The Coup That Wasn’t

When asked how he went bankrupt, Hemmingway famously replied, “Two ways. Gradually, then suddenly.” I remembered this over the weekend while keeping track of the mutiny/rebellion/uprising/coup/protest (or whatever it was) that was going on in Russia at the time. Autocrats like Putin tend to have long shelf lives, but can combust rapidly the minute their carefully constructed facade is called into question. In this case, it took another autocrat-in-training, mercenary leader Yevgeny Prigozhin, to light the match.

So far, it looks like Putin has pulled off a narrow escape. But clearly, none of this would have happened had the war in Ukraine been going according to plan. It’s not, and despite the rosy picture that his various subordinates, sycophants, and incompetent underlings are painting, even Putin must know that by now. And that leads to an existential problem for him, since the beating heart of any autocratic regime is the effective use of violence to amass and retain power. Naturally, people will begin asking: if Putin is the all-knowing, shrewd Capo dei Capi that he portrays himself as, then why can’t he win a war against a fourth rate power, or prevent a renegade subordinate from easily marching on Moscow, or even eliminate him after he’s defeated? What good is he if he’s not as tough or smart as we thought he was? Not only that, the other guy just said that the whole war was a sham. Has Putin just been telling us a bunch of lies for the last 20 years? It would be an understatement to say that Putin’s credibility as the toughest kid on the block has been compromised. Expect some extreme Russian house cleaning over the next few weeks as Putin attempts to shore up his tough guy image and regime.

The vital question (other than the fate of Russia’s thousands of nukes should civil war break out) is where all this leaves the war in Ukraine. The main talent of all autocrats, Putin included, is to stay in power, and the war is a chronic threat to his reign. Something has to be done; the longer the war drags out in stalemate, the higher the probability that a new Prigozhin will come along. Unfortunately for Putin, the most effective fighting force he had (the Wagner Group), just removed itself from the conflict. His best option is to try to gain some chips over the next few months that he could use to negotiate a cease fire. Press hard with everything you’ve got, frustrate the Ukrainians’ offensive, and then have a non-Western power, such as China, intervene to negotiate a cease fire. The Ukrainians won’t be nuts about possibly losing some territory, but the western powers will force the issue to end the war. And then, everything will go back to normal, until the Balkans, Taiwan, the Mideast, or some other vestige of WW1 or 2, ignites yet again.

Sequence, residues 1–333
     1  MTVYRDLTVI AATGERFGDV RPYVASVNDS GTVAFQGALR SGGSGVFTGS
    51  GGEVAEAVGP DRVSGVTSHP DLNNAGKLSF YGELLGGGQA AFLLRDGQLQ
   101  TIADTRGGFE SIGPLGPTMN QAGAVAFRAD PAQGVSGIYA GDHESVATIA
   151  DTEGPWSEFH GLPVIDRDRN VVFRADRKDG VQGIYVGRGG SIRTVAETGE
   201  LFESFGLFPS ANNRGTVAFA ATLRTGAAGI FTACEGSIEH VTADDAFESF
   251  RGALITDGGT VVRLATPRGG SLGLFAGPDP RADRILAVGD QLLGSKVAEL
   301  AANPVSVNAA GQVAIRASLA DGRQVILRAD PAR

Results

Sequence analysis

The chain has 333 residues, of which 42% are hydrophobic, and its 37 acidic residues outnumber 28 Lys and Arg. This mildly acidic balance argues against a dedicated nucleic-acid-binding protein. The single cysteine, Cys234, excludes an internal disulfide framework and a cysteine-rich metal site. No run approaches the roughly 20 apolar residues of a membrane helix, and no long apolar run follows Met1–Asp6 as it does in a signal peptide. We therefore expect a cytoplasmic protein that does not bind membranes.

This isn’t just a giant “what if” exercise; serious effects for the world economy and markets result from the beginnings and ends of wars and they are worth planning for. Commodity markets are usually the most sensitive to conflicts since physical supply and demand directly determines their fundamentals. Interestingly, not much happened, even in those sectors that should be the most effected, such as energy. The fact that the mutiny occurred over a weekend while the markets were closed, and was resolved by the opening on Monday morning, reduced its effect significantly. If it had happened during a normal trading day, the results would have been far different.

Does any of this present investment opportunities? It does reinforce existing trends that have been present since the beginning of the war. The conflict is a long way from being settled, and many countries, especially in western Europe, now have a renewed belief in the power of a strong, well prepared military equipped with the latest technology. Even if the war grounds to a conclusion (somehow), the events of the past weekend just reminded everyone that we do indeed live in an unpredictable and dangerous world and that you better be prepared for it.

Defense contractors selling advanced technology weapons, such as Lockheed (LMT), Northrup (NOC), Raytheon (RTC), and General Dynamics (GD) are the most obvious beneficiaries from the situation. Although their prices have been trending mostly sideways since the start of the Ukrainian war in March 2022, their implied volatilities have been moving significantly lower and are now even below pre-war levels (see charts below). Options are therefore well-priced if you believe the long term, bullish prognosis for the defense industry.

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